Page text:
Investors and traders sold off mining and metals stocks Monday as a strengthening dollar weighed on commodities prices around the world.

In recent weeks, officials from China, Russia and Brazil had suggested an interest in shifting away from U.S. Treasuries and into bonds issued by the International Monetary Fund -- the equivalent of selling the dollar.


word out of China and Russia over the weekend that finance ministers are confident in the greenback appeared to alleviate some of those fears -- and as the dollar rose, commodities declined. (They're often used as a hedge against U.S. currency.)

Leaders of four of the world's biggest "emerging" economies -- China, Russia, Brazil and India -- will converge for a summit in Moscow on Tuesday. The so-called BRIC group will undoubtedly discuss financial policy.

The FTSE 350 mining index, which includes stocks of the world's largest mining concerns, lost nearly 5% Monday in London.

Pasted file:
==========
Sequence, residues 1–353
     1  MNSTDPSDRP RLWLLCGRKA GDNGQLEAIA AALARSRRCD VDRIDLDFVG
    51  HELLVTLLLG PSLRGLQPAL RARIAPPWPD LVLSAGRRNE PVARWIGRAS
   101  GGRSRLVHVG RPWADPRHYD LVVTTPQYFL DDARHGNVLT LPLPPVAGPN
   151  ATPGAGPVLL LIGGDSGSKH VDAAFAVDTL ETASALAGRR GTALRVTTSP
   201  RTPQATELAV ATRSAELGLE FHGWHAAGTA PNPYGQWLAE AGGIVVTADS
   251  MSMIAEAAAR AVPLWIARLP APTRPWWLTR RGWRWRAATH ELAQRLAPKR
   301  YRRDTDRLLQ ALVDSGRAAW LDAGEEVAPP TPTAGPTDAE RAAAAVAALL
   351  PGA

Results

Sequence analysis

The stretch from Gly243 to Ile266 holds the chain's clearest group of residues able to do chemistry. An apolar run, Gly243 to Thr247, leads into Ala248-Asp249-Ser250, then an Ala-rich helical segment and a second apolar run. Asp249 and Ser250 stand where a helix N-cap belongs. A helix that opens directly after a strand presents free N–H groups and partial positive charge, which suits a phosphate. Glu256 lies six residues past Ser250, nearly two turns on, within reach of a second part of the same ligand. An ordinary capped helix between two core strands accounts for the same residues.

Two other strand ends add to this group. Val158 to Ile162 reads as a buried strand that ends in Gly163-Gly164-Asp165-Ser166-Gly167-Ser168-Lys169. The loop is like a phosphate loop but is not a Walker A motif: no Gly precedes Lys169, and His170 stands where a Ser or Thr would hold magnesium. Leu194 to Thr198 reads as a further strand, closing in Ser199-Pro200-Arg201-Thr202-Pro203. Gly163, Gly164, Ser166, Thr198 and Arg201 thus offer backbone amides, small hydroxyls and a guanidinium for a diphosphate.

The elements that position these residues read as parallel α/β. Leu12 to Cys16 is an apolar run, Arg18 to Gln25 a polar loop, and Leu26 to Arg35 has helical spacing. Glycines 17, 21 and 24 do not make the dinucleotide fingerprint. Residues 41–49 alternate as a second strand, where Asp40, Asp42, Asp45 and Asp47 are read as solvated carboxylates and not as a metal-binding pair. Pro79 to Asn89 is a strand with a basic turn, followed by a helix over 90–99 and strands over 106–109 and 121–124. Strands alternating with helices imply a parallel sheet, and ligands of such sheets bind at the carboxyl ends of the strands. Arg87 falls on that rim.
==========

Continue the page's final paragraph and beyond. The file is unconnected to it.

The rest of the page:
In New York, the tune was the same.

Freeport McMoRan

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shares fell 5% to $55.50.

BHP Billiton's

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American Depositary Receipts dropped the same percentage to $57.11.

Southern Copper


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lost nearly 6% to $22.88, and

Rio Tinto's


ADRs declined 6.6% to $190.88.

Gold stocks were faring slightly better.

Newmont Mining

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was off 2.7% at $41.56,



slipped 3.7% to $33.66, and

Barrick Gold


lost 3% to $32.93.

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